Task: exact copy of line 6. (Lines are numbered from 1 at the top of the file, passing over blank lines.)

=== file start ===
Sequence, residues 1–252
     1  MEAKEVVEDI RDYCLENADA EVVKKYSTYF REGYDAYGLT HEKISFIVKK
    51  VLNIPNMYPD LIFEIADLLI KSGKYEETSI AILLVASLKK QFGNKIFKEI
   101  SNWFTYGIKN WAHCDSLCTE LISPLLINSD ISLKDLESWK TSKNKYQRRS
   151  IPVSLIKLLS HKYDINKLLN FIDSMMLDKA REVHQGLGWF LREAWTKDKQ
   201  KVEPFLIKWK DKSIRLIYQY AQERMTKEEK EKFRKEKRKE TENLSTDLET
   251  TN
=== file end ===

   201  KVEPFLIKWK DKSIRLIYQY AQERMTKEEK EKFRKEKRKE TENLSTDLET